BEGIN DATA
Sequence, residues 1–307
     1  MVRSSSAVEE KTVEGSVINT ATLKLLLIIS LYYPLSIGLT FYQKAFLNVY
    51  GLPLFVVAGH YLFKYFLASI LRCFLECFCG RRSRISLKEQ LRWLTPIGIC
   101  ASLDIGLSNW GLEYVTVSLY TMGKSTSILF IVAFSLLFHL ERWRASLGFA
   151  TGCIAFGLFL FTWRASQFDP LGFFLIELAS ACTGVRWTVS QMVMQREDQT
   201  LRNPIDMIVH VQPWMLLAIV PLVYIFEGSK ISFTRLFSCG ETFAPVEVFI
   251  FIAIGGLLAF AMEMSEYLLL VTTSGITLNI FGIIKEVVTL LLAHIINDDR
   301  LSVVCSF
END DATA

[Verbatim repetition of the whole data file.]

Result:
Sequence, residues 1–307
     1  MVRSSSAVEE KTVEGSVINT ATLKLLLIIS LYYPLSIGLT FYQKAFLNVY
    51  GLPLFVVAGH YLFKYFLASI LRCFLECFCG RRSRISLKEQ LRWLTPIGIC
   101  ASLDIGLSNW GLEYVTVSLY TMGKSTSILF IVAFSLLFHL ERWRASLGFA
   151  TGCIAFGLFL FTWRASQFDP LGFFLIELAS ACTGVRWTVS QMVMQREDQT
   201  LRNPIDMIVH VQPWMLLAIV PLVYIFEGSK ISFTRLFSCG ETFAPVEVFI
   251  FIAIGGLLAF AMEMSEYLLL VTTSGITLNI FGIIKEVVTL LLAHIINDDR
   301  LSVVCSF